Brad Wigger, associate professor of Christian education at Louisville Presbyterian Theological Seminary, led “The Spiritual Life of Children and Families.” He explained: “People think of spirituality as peace, calm, serenity. Now enter children. Once you have a baby, it’s a mess. Order is disrupted.”
So what happens when the spiritual ideal of the desert fathers and mothers caught up in the raptures of uninterrupted meditation gets lost under the pile of diapers, empty baby food jars, and Tonka trucks?
Closing his workshop that included stories, discussion, and a video by Robert Coles, Wigger suggested that the answer may come from new practices as well as from a new understanding of the spiritual ideal. “What elements are in a church bulletin?” he asked. Then he suggested that those same elements—of gathering, praise, confession and forgiveness, fellowship, prayer, Scripture, music, etc.—can be part of family life.
This doesn’t necessarily mean adding more tasks for parents to do. It may just mean families need to “think more symbolically about home life” to understand how God is at work in the chaos. Wigger’s invitation was “to reimagine our everyday lives liturgically.” For example, the benediction occurs when parents says “God bless you” as their child falls asleep. Or a “good morning” song can serve as a call to worship. Prayer and Scripture reading can happen at the end of a family dinner.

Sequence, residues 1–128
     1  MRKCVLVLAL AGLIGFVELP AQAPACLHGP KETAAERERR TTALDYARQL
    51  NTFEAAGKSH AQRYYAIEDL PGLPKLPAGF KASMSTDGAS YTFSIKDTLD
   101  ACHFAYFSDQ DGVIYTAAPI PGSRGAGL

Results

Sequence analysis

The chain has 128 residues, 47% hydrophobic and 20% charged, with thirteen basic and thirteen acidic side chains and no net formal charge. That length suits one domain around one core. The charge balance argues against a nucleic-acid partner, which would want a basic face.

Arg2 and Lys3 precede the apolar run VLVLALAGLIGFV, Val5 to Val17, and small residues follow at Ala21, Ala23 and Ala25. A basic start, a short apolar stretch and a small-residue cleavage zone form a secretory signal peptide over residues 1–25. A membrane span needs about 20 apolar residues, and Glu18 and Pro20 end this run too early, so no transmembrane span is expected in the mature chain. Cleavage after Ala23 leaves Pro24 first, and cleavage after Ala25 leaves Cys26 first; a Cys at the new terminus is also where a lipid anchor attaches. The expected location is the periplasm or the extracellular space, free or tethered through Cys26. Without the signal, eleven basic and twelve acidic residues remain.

The spiritual life is worth talking about at home, he said in closing, even though “most parents are more scared to talk about God than about sex.”
Carol Wehrheim, PTS visiting lecturer in Christian education, member and sixth-grade teacher at Nassau Presbyterian Church, and the Association of Presbyterian Church Educator’s Educator of the Year for 2001, taught the workshop on preteens, a group needing instruction in both issues.
Her workshop was a lively exchange among twelve people “who were curious and questioning about who these middle schoolers are.” Clearly there is much anxiety about the preteen years—on the part of kids, parents, and those who work with kids. But Wehrheim’s research has made her hopeful: “There are three important groups in the lives of preteens: peers, parents, and other adult friends. The church has the wonderful opportunity to provide number three!”
During these crucial years, says Wehrheim (citing author Laura Sessions Stepp), preteens have three key questions: First, am I competent? Second, am I loved and am I loving? Third, am I normal? “How they answer these questions at this time,” she says, “echoes throughout their lives.”
The importance of childhood and parenthood echoed throughout the conference.
© Copyright 2001 Princeton Theological Seminary